“Attackers are pummeling networks around the world with millions of login attempts” – Here’s what you should do


Recent findings from Cisco's Talos security team have unveiled a significant threat to network security through a sophisticated credential compromise campaign. As reported by ARS Technica, this extensive campaign is currently making waves across various organizational networks, focusing on VPNs, SSH, and web applications.

Details of the Attack: The attackers are using a combination of generic and organization-specific usernames in their login attempts, along with nearly a hundred passwords. Over 2,000 usernames and approximately 4,000 IP addresses have been identified as part of this assault. The origins of these IP addresses trace back to TOR exit nodes and other services designed to mask user identities, such as VPN Gate and IPIDEA Proxy.

Impact and Scope: According to Talos researchers, the impacts of these attacks can vary dramatically from unauthorized network access and account lockouts to potential denial-of-service conditions. This indicates an indiscriminate approach, targeting a broad spectrum of networks without specific regional or industrial focus. The frequency and intensity of these attempts have escalated over time, with the attacks beginning as early as March 18.

Previous Warnings and Ongoing Threats: This advisory follows a similar alert issued by Cisco three weeks prior, which described a password spray attack affecting remote access VPNs. Although both campaigns share technical similarities and potentially overlapping infrastructures, Cisco researchers have not definitively linked them to a single threat actor.

Targeted Services: The services targeted in these attacks include, but are not limited to, various high-profile VPN providers like Cisco Secure Firewall VPN, Checkpoint VPN, and Fortinet VPN, as well as other critical network services from companies such as SonicWall, Mikrotik, and Ubiquiti.

Defensive Measures Recommended by Cisco: To mitigate these threats, Cisco has recommended several measures:

  • Enabling detailed logging to a remote syslog for better attack correlation across network endpoints.
  • Securing default remote access accounts and blocking known malicious IP addresses.
  • Implementing interface-level and control plane access control lists to prevent unauthorized public IPs from initiating VPN sessions.
  • Encouraging the use of certificate-based authentication for remote access VPNs.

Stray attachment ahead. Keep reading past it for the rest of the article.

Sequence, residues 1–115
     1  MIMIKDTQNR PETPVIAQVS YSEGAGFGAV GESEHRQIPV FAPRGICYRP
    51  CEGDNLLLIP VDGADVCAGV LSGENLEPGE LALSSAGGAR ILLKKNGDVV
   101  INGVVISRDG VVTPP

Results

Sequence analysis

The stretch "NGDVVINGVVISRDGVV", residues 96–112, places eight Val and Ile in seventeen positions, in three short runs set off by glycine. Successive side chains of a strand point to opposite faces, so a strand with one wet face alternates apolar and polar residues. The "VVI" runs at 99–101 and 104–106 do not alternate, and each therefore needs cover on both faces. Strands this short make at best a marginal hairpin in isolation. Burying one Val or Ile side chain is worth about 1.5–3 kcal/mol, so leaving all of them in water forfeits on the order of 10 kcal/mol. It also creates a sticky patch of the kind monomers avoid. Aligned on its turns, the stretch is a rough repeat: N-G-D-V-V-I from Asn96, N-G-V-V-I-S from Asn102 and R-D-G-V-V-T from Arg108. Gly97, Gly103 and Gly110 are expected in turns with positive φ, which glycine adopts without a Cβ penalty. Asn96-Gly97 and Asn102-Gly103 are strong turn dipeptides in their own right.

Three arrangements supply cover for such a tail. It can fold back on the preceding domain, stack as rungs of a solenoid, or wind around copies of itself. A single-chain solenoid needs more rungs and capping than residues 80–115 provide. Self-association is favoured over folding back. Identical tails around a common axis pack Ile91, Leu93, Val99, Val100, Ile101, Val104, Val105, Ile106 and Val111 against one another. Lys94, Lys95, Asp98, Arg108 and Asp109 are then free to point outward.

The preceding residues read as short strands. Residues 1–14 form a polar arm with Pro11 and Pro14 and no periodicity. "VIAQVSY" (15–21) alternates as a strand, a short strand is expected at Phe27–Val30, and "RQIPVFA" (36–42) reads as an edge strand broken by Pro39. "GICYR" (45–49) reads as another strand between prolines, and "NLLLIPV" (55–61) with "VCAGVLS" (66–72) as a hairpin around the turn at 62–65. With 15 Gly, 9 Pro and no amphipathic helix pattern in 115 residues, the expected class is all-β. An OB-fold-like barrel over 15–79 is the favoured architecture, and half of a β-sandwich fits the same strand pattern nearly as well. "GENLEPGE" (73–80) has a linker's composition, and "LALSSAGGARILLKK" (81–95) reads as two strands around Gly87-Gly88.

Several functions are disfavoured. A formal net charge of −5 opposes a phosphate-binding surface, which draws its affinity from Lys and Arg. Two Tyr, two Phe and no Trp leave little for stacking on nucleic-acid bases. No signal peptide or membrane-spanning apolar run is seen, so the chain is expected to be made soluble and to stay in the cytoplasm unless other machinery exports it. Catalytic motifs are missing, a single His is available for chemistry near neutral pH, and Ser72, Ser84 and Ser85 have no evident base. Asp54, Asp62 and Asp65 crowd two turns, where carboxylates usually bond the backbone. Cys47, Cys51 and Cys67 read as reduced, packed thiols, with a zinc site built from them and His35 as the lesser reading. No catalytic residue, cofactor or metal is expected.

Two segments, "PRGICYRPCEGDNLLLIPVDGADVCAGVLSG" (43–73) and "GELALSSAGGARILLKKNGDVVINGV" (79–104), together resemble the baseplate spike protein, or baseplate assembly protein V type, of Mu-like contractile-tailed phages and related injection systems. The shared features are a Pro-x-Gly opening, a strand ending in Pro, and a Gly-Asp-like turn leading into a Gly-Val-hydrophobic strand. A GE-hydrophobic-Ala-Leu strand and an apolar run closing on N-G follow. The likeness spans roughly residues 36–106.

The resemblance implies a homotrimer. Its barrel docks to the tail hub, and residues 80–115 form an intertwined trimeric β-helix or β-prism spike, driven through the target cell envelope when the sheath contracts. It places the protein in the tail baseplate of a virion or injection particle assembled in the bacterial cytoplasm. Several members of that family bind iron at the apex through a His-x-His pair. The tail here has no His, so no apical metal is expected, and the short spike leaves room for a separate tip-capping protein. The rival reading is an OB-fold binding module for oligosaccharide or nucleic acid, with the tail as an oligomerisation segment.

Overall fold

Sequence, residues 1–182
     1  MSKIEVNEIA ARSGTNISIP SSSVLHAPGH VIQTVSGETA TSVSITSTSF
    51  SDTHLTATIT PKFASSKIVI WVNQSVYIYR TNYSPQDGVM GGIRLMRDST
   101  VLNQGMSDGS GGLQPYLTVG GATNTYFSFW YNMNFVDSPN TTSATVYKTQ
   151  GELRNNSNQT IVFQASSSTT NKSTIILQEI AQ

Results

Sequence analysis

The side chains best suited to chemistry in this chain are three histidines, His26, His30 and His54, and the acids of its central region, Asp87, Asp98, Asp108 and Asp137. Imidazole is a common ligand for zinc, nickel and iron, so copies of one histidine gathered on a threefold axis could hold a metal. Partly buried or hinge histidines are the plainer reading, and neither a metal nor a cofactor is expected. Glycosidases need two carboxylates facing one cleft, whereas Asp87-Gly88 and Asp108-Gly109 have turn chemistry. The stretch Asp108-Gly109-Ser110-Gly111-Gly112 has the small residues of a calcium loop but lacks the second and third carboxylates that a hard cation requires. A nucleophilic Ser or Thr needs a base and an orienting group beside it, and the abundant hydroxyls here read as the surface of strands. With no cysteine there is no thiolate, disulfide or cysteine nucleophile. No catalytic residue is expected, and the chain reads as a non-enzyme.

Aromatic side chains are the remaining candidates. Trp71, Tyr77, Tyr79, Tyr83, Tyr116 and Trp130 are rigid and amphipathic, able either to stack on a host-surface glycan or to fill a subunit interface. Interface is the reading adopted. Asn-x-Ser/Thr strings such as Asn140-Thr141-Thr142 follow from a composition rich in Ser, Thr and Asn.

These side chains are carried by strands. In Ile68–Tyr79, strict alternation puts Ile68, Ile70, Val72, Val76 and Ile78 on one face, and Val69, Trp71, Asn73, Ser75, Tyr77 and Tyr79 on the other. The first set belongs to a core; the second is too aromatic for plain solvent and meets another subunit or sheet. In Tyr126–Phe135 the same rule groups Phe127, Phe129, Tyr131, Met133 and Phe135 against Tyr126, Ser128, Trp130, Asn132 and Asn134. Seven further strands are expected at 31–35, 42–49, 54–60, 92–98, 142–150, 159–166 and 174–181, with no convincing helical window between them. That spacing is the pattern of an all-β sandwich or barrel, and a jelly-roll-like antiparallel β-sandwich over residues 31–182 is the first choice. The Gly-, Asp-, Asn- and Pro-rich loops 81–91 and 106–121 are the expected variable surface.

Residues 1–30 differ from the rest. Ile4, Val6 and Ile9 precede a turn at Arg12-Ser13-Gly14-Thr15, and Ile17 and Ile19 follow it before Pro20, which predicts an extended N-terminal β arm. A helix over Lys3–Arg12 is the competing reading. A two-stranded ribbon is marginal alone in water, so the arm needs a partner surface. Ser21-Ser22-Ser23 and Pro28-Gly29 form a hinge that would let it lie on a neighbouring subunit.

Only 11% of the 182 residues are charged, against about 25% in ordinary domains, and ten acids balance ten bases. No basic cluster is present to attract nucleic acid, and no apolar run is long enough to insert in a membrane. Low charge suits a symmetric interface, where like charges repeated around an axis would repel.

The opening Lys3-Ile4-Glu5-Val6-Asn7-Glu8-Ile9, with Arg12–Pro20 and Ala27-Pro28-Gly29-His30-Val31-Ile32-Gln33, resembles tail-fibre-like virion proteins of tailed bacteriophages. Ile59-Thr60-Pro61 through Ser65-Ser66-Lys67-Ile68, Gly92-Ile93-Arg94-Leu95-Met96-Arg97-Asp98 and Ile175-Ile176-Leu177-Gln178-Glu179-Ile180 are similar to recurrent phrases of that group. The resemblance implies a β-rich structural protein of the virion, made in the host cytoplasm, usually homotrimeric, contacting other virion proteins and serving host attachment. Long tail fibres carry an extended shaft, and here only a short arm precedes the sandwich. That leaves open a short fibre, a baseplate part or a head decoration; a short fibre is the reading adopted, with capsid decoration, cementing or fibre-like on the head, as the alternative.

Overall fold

Additionally, implementing Two-Factor Authentication (2FA) is indeed one of the most effective measures organizations can take to enhance security and mitigate the risks associated with credential compromise campaigns. Here are some additional mitigation strategies that can complement the use of 2FA and enhance overall network security:

  1. Two-Factor Authentication (2FA):
    • Implement 2FA across all critical systems, especially for VPN access, remote desktop services, and administrative accounts. This requires users to provide two forms of identification: something they know (a password) and something they have (a token or mobile app notification).
  2. Use of Strong, Unique Passwords:
    • Encourage or enforce policies that require the use of strong, unique passwords for each service. Utilize password managers to help users maintain and manage these passwords securely.
  3. Regular Updates and Patch Management:
    • Ensure that all systems are regularly updated with the latest security patches. This includes operating systems, applications, and firmware on devices like routers and firewalls.
  4. Advanced Endpoint Detection and Response (EDR):
    • Deploy EDR solutions that can detect, block, and respond to threats automatically. These tools can often identify suspicious behavior related to credential misuse or brute force attempts.
  5. User and Entity Behavior Analytics (UEBA):
    • Implement UEBA to monitor for abnormal user behaviors that could indicate compromised accounts. UEBA systems use machine learning to spot deviations from normal activity patterns.
  6. Network Segmentation:
    • Segment the network to limit the blast radius of any potential intrusion. By segregating networks, sensitive data and critical systems can be isolated from the parts of the network most susceptible to attack.
  7. Security Awareness Training:
    • Regularly train employees on security best practices, including recognizing phishing attempts and safely handling credentials. Education is key to preventing security breaches from the inside.
  8. Multi-layered Security Approach:
    • Deploy a variety of security measures such as firewalls, intrusion detection systems (IDS), and intrusion prevention systems (IPS). A layered security approach reduces the risk of unauthorized access.
  9. Regular Security Audits and Penetration Testing:
    • Conduct regular security audits and penetration tests to identify and address vulnerabilities. This helps in understanding potential attack vectors and in reinforcing defense mechanisms.
  10. Incident Response Plan:
    • Develop and regularly update an incident response plan. This plan should include procedures for dealing with credential compromises and should be practiced regularly through drills.

These strategies, combined with the ones previously outlined by Cisco, can provide a robust defense against large-scale credential compromise campaigns and other cyber threats.

Organizations are advised to take immediate action by incorporating Cisco’s recommendations and updating their security protocols to defend against these escalating threats. Staying informed and prepared is the best defense against such widespread and indiscriminate attacks.

For further details and updates on the situation, organizations should refer to the full report provided by Cisco and stay tuned to updates from reliable sources like ARS Technica.